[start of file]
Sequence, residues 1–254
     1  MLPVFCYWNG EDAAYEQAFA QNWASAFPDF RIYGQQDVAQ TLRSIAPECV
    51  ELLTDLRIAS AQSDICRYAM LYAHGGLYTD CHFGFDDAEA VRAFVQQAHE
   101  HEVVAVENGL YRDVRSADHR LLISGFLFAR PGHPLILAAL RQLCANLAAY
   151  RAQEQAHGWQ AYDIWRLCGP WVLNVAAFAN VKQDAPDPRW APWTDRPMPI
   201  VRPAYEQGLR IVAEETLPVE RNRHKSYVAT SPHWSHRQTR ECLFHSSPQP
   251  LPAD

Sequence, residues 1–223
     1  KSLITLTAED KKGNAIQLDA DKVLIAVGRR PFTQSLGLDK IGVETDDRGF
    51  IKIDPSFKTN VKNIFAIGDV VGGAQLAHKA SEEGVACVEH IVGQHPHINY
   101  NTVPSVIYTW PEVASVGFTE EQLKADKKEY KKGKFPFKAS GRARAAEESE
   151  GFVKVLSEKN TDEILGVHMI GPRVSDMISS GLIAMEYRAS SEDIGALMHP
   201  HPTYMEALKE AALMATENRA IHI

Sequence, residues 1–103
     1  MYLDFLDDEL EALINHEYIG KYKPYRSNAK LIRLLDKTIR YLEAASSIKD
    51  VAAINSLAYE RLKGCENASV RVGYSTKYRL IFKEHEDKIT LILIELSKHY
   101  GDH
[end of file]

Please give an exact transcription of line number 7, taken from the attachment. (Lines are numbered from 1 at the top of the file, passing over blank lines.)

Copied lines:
   251  LPAD